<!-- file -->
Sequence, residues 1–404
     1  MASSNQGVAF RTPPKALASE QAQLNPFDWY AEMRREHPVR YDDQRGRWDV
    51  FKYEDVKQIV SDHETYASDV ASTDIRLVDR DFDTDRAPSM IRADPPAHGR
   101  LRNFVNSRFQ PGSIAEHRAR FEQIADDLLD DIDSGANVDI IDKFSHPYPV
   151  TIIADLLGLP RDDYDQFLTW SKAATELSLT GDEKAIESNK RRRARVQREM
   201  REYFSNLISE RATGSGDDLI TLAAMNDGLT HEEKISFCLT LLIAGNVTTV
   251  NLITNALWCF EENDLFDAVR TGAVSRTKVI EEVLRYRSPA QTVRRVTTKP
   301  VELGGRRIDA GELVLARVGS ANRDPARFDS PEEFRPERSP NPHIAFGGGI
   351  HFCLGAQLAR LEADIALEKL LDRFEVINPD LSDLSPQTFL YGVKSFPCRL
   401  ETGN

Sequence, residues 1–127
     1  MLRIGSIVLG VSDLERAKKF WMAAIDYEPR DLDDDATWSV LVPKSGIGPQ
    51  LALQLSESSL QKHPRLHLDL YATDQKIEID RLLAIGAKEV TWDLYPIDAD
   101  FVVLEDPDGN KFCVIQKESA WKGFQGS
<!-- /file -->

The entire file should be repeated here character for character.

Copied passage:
Sequence, residues 1–404
     1  MASSNQGVAF RTPPKALASE QAQLNPFDWY AEMRREHPVR YDDQRGRWDV
    51  FKYEDVKQIV SDHETYASDV ASTDIRLVDR DFDTDRAPSM IRADPPAHGR
   101  LRNFVNSRFQ PGSIAEHRAR FEQIADDLLD DIDSGANVDI IDKFSHPYPV
   151  TIIADLLGLP RDDYDQFLTW SKAATELSLT GDEKAIESNK RRRARVQREM
   201  REYFSNLISE RATGSGDDLI TLAAMNDGLT HEEKISFCLT LLIAGNVTTV
   251  NLITNALWCF EENDLFDAVR TGAVSRTKVI EEVLRYRSPA QTVRRVTTKP
   301  VELGGRRIDA GELVLARVGS ANRDPARFDS PEEFRPERSP NPHIAFGGGI
   351  HFCLGAQLAR LEADIALEKL LDRFEVINPD LSDLSPQTFL YGVKSFPCRL
   401  ETGN

Sequence, residues 1–127
     1  MLRIGSIVLG VSDLERAKKF WMAAIDYEPR DLDDDATWSV LVPKSGIGPQ
    51  LALQLSESSL QKHPRLHLDL YATDQKIEID RLLAIGAKEV TWDLYPIDAD
   101  FVVLEDPDGN KFCVIQKESA WKGFQGS